A large part of the Council’s collection had accrued as a result of their local art competition. The well-known Redcliffe Art Prize was among the first of its kind in Queensland, and during the 1950s and 60s the seaside village ambience plus the excitement of the competition drew large numbers to view the exhibition of the finalists. The competition also had the support of the Schonell family who sponsored a prize for works that featured the subject matter of children, and the popularity of the prize among artists was raised by the calibre of the judges - William Dargie came to judge it one year. But by the time Dawn arrived the energy around the prize had settled into a comfortable annual activity. She estimated that an injection of more challenging contemporary work might shake things up a little not only for local artists and audiences, but also in terms of regenerating interest in the Regional Gallery’s activities among artists and audiences further afield. With Ross Searle, who had been hired as a consultant to write the Collection Policy, she recalibrated the terms of the competition to create the ‘Fifteen Artists Award’, where fifteen artists who had a connection with the city – through teaching or workshops or who already had work in the collection – were pre-selected and invited to enter work into the exhibition/competition. There was, inevitably, resistance from some of the local artists who felt that maintaining the status quo was just fine, but the new format brought a challenging, sophisticated profile to a regional town that had developed rapidly into a city.
By the time Dawn left her position as Director at Redcliffe City Gallery in 2003, the Award had brought the work of 73 leading contemporary artists to the region, and was attracting larger audiences to the exhibition; the idea of taking a new twist on an old style of art prize had breathed new life into it. She’d worked at the gallery for 8 years, starting in 1995, overseeing the building work towards the opening of the art gallery in 2000, and, in search of a new challenge, she left her position at Redcliffe to take up a new position at the recently opened University of the Sunshine Coast Gallery.
Emeritus Professor Paul Thomas AM, the inaugural Vice Chancellor of the University of the Sunshine Coast, was a visionary leader who encouraged staff to forge strong links with the relevant sectors of their various communities. For Dawn, this was a welcome change from the more controlled management practices of local government. When Dawn took up the role of Director of the Gallery, the university had a limited collection, even though it did house a number of works from a range of private collections. However, in 2012 the collection received a generous boost when renowned local architect and benefactor John Mainwaring donated his private collection of 86 artworks to the university. In 2016 Dawn was awarded the “Distinguished Companion Award” for her commitment to the University of the Sunshine Coast’s art collection and campus life.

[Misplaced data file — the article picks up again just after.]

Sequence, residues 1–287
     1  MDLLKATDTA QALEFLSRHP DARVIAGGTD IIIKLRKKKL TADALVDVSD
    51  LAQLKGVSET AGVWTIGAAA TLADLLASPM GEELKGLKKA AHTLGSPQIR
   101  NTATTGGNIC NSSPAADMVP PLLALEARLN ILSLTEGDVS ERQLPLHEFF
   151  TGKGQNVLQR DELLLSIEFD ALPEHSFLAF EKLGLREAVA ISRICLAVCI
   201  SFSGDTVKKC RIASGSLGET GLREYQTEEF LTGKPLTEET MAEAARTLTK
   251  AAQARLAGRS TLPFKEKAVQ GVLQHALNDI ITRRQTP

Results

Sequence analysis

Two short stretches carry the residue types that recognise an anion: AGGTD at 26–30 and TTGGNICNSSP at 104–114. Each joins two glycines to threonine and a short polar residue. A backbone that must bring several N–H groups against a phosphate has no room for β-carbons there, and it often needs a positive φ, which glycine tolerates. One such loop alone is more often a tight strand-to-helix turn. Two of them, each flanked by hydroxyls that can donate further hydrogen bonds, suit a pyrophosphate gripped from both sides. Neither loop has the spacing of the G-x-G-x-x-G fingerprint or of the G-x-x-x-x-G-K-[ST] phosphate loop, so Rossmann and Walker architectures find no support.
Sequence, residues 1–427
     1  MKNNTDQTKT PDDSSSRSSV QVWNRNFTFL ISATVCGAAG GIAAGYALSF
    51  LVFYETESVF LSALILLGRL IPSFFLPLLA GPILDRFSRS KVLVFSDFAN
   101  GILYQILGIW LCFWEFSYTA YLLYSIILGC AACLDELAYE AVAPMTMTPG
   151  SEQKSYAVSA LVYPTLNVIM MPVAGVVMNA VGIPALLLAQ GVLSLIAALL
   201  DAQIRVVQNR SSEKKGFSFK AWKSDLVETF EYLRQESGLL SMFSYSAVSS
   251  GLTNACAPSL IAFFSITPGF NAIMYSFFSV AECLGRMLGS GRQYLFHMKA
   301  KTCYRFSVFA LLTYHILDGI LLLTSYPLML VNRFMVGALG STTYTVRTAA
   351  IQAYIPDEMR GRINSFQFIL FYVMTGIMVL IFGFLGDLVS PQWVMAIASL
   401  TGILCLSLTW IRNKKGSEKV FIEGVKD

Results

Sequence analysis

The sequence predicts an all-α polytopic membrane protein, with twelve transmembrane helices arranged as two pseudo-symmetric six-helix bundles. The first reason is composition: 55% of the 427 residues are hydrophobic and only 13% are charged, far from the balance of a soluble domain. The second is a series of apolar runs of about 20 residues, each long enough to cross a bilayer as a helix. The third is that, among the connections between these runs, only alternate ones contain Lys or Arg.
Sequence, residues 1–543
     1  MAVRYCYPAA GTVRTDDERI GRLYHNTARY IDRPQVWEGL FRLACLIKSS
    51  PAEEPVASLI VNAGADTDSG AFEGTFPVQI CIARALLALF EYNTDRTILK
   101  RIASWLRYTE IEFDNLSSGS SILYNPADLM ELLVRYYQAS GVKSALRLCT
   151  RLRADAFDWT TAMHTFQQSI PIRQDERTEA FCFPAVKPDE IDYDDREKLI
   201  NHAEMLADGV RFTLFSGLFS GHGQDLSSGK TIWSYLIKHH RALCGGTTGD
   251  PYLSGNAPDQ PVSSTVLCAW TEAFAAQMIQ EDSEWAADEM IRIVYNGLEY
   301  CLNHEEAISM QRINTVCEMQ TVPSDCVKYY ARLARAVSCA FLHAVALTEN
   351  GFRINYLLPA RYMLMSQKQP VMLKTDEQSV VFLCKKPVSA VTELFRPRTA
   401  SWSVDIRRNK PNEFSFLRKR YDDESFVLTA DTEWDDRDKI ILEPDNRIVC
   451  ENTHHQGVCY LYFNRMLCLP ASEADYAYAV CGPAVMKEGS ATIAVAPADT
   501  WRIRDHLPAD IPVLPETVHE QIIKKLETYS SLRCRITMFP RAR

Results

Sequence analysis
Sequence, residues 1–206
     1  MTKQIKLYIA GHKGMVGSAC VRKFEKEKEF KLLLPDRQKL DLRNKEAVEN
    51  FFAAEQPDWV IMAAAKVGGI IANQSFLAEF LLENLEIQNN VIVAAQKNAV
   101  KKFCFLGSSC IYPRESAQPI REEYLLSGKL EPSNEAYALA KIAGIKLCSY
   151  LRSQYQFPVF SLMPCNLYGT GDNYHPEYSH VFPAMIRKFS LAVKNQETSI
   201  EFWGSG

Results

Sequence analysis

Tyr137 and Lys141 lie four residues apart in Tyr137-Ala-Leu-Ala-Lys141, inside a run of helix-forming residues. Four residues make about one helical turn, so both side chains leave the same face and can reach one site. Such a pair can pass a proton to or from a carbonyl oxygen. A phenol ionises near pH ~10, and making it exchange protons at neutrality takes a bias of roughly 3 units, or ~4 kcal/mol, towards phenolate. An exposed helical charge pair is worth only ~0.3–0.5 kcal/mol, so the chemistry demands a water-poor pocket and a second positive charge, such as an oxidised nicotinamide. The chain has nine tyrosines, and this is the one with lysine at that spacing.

Over those years of service as a gallery director Dawn had also maintained contact with a range of art communities regionally remote areas. In her various roles in outback Queensland she was regularly reminded of the kind of inner strength of character she’d known and experienced in remote Canada. She’s got a storehouse of memories of people she’s spent time with in places like Springsure and Emerald and Winton; places where local people are keen to support the cultural aspects of their lives when they can manage to take time away from the demands of life on properties.
So even before Dawn made the move to Burnie, she had been attracted by a range of values and experiences that ran deep in what she’s come to value. Although she’s always been drawn to, then dedicated to, cultural aspects of life, she’s also quick to note that there’s a mistake in thinking ‘culture’ has to be introduced to communities that may not overtly appear as ‘cultured’ in an artificial or refined way. In explaining this, she refers to Thomas Hardy’s novel The Woodlanders, that extolls the presence of qualities of ‘honesty, goodness, manliness (sic), tenderness, devotion’ that exist ‘in their purity now in the breasts of unvarnished men’.
Dawn expresses a keen desire to extend on the considerable achievements The Burnie Regional Art Gallery has already made towards enmeshing and enriching its local communities through its collection and programming, and she’s excited about building on the success of the Burnie Print Prize – an award launched in 2007 that’s recognised as the second richest print prize in Australia after Fremantle, and one that attracts printmakers from right across Australia. Her understandable enthusiasm for the landscape is evident in her words: “With an icy blue Bass Strait on our doorstep, Cradle Mountain looming behind and row after row of hazy grey mountains to the east and west, this is a place to breathe deeply, to think and rest your mind”.
But she’s equally cognizant of the work that needs to be done. She believes a regional gallery can provide a heartbeat to the community - one that grows it and that grows from it. She knows that regional galleries offer communities something that extends their humanity. And she knows that the visual arts are as vital to these communities as are work and sport. In her own words, she believes that “artists are expert at being ahead of their times – the images they call forth broadens and deepens the experiences of this world we live in for all of us”. Dawn’s early experiences growing up with dreams and aspirations in a remote region have continued as a deep wellspring of influence to the present.